Tim Draper-Backed Bitcoin Exchange Vaurum Rebrands as Mirror

Vaurum has officially rebranded its institutional bitcoin exchange as Mirror as it prepares to launch in new markets.

Nov 12, 2014 at 10:51 p.m. UTC
Updated Sep 11, 2021 at 11:19 a.m. UTC

mirrorscreen

Vaurum, an institutional-grade exchange platform for bitcoin investors, has changed its name to Mirror.

The Palo Alto-based company aims to build out a ‘mirror’ of the traditional financial system by providing more liquidity to bitcoin markets.

In a blog post published today about the rebranding, Mirror presented its platform as one that would include several advanced services including escrow-based trading and liquidity. Mirror also announced some service consolidation that it said will allow the company to leverage technology it is building to develop cryptocurrency into a more advanced asset class.

CEO Avish Bhama said that increasing liquidity in the bitcoin markets makes the ecosystem safer for everyone involved:

“We're focused on providing liquidity and facilitating trading in a safe way by eliminating as much counterparty risk as we can.”

The exchange is an invitation-only platform right now, but prospective customers can sign up to request access.

“We're currently onboarding investors, market makers, over-the-counter (OTC) traders and bitcoin businesses," said Bhama. "We evaluate each sign up on a case by case basis and will be sending out invites at an increasing rate as we prepare to open it up publicly."

Putting Silk Road bitcoins to work

Notably, Mirror was the beneficiary of Tim Draper’s purchase of almost 30,000 BTC seized from Silk Road and sold at auction by the US Marshals Service.

The company is now using those coins to help its investor user base.

“This inherently provides liquidity to all of our customers that are looking to get exposure to bitcoin,” said Bhama.

There are plenty of exchanges in the bitcoin ecosystem already, but Mirror wants to give investors liquidity access to bitcoin globally. It plans to do this by targeting specific markets where exchange structure is not robust.

Bhama added:

“It's especially helpful for customers in international markets where liquidity is harder to come by – we will be rolling our platform out to more geographies as we get to scale.”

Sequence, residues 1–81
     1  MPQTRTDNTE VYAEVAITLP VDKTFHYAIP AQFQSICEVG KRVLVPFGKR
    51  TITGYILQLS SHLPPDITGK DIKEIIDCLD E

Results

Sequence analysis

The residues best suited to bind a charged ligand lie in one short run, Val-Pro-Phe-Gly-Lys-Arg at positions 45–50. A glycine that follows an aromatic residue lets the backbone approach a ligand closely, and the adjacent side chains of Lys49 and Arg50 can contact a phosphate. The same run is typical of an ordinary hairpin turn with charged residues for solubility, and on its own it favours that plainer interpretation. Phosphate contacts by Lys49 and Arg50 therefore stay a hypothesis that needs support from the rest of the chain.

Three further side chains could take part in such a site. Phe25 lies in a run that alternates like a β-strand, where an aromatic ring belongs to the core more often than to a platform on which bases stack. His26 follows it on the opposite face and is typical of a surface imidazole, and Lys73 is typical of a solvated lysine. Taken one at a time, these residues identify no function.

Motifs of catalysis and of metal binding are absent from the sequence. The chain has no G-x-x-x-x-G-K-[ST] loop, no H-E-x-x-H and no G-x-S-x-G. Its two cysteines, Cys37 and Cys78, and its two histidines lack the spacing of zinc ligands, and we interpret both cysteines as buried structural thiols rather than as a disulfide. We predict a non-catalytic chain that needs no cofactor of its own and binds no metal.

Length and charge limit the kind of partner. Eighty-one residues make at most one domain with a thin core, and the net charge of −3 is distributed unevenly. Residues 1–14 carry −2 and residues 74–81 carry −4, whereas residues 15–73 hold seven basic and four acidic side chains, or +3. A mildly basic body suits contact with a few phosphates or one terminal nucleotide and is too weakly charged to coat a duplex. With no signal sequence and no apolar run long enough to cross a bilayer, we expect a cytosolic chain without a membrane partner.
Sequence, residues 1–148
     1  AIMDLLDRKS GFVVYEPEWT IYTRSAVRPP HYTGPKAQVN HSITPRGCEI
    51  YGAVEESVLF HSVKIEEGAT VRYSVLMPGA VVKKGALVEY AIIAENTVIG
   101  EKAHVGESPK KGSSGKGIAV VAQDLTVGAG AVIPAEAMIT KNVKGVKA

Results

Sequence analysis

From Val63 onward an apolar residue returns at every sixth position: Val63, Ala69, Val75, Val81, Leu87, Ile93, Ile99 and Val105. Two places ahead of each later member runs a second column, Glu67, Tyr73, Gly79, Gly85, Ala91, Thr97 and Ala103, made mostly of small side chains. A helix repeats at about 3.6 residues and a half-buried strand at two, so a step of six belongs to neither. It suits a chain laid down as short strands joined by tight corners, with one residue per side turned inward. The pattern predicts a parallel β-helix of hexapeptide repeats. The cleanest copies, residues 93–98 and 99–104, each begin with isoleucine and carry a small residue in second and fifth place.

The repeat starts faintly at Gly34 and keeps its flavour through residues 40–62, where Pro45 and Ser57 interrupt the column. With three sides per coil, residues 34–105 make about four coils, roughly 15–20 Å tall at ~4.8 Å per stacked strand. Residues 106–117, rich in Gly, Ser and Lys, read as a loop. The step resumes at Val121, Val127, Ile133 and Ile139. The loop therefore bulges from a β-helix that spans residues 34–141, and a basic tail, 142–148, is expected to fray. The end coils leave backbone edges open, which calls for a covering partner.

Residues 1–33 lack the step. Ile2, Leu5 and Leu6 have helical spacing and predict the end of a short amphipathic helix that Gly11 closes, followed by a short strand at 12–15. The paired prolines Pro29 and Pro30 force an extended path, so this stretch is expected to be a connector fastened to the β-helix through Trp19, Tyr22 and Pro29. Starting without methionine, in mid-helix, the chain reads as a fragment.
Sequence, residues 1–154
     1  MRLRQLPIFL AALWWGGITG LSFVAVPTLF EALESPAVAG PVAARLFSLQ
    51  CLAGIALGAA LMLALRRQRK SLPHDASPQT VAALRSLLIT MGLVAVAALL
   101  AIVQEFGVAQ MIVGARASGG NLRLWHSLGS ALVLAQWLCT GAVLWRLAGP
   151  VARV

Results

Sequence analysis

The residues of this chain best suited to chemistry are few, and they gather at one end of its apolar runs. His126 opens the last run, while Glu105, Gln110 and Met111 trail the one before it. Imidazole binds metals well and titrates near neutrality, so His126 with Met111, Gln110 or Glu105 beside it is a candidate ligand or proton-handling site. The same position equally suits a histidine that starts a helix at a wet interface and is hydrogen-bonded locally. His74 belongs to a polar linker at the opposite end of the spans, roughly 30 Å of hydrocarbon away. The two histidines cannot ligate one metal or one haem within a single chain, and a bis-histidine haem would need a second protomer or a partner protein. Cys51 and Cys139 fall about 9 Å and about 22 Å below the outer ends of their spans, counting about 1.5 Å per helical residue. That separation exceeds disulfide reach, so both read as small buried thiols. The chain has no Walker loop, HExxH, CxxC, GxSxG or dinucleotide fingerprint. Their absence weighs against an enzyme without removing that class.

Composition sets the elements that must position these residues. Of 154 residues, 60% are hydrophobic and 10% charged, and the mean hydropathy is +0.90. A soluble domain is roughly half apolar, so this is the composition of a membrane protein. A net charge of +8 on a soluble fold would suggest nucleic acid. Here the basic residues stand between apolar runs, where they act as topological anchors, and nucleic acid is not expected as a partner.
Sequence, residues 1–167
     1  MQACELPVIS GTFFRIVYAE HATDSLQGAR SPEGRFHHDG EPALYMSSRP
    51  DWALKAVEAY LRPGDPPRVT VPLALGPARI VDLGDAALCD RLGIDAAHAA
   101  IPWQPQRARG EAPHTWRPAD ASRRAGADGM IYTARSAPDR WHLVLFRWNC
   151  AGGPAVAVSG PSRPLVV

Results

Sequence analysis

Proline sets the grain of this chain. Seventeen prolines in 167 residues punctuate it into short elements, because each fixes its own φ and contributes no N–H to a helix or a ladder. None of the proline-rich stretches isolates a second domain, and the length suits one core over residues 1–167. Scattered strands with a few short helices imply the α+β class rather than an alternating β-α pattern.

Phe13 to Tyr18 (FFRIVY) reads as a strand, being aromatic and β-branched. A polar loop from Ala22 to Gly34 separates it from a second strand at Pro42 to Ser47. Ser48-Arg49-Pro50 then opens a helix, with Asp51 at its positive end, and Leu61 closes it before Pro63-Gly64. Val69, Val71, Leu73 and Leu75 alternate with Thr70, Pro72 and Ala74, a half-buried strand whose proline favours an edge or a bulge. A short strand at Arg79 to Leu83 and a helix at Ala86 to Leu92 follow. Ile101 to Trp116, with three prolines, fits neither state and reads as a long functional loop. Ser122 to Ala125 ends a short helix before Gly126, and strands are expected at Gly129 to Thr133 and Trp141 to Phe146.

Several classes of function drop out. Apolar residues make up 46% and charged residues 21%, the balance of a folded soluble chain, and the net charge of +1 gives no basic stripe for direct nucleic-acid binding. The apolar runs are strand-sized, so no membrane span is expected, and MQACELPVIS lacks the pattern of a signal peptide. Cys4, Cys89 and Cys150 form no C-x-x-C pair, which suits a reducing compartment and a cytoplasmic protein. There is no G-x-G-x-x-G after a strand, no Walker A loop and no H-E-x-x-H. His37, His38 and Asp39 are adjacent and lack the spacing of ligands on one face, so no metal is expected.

The company also aims to reduce counterparty risk in order to ensure investor funds are secure, by using licensed escrow attorneys to make sure trades and coins are always protected.

Developing investor-grade products

Bitcoin is still very small by market capitalization when compared to the traditional markets, and the need for more liquidity within exchanges is an ongoing issue in the industry. However, a number of startups are looking to attract the traditional investment sector to cryptocurrencies.

SecondMarket was expected to launch an institutional bitcoin exchange this year, but it still only offers the Bitcoin Investment Trust, its managed investment vehicle. Other companies looking to cater to larger investors include exchanges itBit and Coinsetter, which are both based in the finance hub of New York City.

The Mirror escrow exchange order book in its dashboard is comprised of high-value BTC buys and sells.

Mirror was part of the Tribe 2 class in bitcoin-centric startup accelerator Boost VC. In May, the company raised a $4m seed round from investors that included Battery Ventures, Tim Draper and former AOL CEO Steve Case.

It also recently brought on former SEC chair Arthur Levitt to advise on compliance issues.

Disclaimer: CoinDesk founder Shakil Khan is an investor in SecondMarket.

Image via Mirror

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